US presidential candidate Joe Biden on Tuesday said he would spend $2 trillion on clean energy development over his first four years in office if elected in November, a more ambitious plan than he had previously promised that was immediately hailed by the American wind industry.
The proposal sets the goal of decarbonising electricity generation by 2035 and aims to create millions of jobs to help the nation recover from the Covid-19 pandemic. Previously, Biden called for $1.7trn in spending over 10 years and set a zero-emissions target of 2050.
The plan would spur the installation of millions of solar modules and tens of thousands of wind turbines on land and offshore in Biden's first four-year term, according to the campaign.
The scale of the plan was swiftly welcomed by the American Wind Energy Association (AWEA).
"We strongly applaud the Biden campaign for taking an ambitious, comprehensive approach to climate change policy that recognies the renewable energy industry’s ability to grow America’s economy towards a cleaner environment and a more prosperous and equitable future," said AWEA CEO Tom Kiernan.
"The American wind industry is prepared to rapidly grow its 120,000-person workforce to help our country achieve a 100% carbon-free electric grid by 2035, leading the way as other sectors of the economy begin to rely more and more on clean, affordable electricity to power businesses and communities."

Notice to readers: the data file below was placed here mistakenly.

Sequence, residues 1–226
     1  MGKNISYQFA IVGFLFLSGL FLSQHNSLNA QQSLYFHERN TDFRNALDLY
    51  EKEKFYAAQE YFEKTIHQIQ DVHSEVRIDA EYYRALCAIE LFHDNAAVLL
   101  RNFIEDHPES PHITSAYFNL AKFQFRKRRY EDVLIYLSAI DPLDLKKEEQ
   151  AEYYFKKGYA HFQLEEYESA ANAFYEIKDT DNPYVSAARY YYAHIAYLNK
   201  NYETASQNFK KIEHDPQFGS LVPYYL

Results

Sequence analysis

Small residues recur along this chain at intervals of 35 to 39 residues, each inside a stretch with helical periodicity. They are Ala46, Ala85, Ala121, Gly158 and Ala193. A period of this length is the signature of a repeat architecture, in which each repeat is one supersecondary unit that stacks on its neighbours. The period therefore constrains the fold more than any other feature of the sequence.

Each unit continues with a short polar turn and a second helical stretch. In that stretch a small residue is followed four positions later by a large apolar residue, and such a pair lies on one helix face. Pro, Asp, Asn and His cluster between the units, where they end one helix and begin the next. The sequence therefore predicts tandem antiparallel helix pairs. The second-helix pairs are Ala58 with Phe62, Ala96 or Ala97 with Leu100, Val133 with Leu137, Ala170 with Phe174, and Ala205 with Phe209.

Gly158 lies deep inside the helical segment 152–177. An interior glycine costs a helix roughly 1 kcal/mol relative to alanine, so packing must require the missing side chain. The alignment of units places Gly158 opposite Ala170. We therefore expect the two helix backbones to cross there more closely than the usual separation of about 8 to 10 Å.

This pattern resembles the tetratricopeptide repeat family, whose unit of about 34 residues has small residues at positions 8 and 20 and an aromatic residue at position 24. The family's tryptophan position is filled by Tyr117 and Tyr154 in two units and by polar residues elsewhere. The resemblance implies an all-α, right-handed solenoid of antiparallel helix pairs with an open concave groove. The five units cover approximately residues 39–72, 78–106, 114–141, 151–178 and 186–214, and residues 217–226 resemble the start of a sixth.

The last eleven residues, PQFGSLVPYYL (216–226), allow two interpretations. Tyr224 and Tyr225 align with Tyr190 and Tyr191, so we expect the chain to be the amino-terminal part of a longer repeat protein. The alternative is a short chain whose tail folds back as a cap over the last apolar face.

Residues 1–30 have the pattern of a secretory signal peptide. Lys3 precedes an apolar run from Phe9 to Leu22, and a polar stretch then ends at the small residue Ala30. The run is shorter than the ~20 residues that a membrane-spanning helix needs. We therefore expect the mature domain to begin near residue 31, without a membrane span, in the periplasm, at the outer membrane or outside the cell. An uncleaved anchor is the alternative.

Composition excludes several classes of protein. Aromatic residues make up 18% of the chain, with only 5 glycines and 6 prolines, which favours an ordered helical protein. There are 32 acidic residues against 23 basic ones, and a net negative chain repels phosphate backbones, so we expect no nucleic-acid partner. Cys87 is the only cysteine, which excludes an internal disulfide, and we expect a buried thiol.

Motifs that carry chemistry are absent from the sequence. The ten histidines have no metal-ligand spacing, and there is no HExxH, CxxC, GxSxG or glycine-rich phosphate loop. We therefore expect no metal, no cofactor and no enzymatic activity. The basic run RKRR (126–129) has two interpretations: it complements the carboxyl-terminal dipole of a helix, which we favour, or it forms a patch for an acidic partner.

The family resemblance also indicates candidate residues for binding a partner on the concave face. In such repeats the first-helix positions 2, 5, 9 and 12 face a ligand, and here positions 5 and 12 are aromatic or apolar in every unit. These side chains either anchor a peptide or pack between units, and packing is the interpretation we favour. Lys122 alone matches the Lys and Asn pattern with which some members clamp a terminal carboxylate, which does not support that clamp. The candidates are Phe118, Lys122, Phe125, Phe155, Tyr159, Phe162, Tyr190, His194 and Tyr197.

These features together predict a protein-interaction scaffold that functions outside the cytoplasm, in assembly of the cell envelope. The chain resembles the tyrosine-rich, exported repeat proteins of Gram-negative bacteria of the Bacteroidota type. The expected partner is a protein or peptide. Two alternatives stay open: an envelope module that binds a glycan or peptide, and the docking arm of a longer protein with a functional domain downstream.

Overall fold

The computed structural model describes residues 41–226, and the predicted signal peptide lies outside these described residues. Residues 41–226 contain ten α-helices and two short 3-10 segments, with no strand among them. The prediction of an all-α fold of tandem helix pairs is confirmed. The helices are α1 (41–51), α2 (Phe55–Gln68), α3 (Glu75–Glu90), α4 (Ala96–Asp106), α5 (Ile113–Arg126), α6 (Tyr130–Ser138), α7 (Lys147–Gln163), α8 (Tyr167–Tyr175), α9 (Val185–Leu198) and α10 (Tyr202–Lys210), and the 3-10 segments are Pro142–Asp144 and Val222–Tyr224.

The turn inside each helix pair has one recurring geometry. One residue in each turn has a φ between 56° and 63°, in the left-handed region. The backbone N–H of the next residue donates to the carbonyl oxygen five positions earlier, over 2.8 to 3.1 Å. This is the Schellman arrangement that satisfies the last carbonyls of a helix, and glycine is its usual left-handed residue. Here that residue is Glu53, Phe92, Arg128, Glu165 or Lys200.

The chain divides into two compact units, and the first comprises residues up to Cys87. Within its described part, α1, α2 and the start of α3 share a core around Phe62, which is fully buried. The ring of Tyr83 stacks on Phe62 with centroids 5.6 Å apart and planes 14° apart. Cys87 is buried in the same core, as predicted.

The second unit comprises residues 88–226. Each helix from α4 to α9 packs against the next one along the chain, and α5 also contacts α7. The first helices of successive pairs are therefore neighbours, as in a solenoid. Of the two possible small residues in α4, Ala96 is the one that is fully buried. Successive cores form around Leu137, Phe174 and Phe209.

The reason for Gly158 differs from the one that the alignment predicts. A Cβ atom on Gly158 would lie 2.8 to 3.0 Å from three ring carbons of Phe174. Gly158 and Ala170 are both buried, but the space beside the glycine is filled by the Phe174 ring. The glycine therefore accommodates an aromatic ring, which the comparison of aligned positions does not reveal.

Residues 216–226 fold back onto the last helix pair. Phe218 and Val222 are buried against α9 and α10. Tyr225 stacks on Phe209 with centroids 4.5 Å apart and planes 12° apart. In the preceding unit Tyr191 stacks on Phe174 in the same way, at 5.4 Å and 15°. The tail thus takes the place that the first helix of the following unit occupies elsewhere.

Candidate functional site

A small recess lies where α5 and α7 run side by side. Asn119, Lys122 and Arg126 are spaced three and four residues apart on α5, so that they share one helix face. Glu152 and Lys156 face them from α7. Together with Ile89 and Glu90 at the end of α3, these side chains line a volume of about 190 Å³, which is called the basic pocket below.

The Biden campaign released the plan as it attempts to mollify the more progressive members of the candidate's Democratic party, who have criticised his views on fossil fuels and climate change as being too moderate.
The proposal is also in stark contrast to the current administration of President Donald Trump, a Republican who has supported fossil fuels as the backbone to its "American Energy Dominance" agenda.
Biden's plan would deploy the $2trn in funding during his first term in office starting in 2021, with target areas including infrastructure, the auto industry, and transit.
The proposal also intends to achieve zero-carbon electricity generation by 2035. Biden, who served as vice president under Trump predecessor Barack Obama, would "scale up" best practices from state-level clean energy standards "which are being implemented in a way that provides renewable credits to developers that follow high labour standards, including through Project Labor and Community Labor Agreements and paying prevailing wages," according to the campaign.
Biden officials said they would provide further details of the plan over the coming weeks.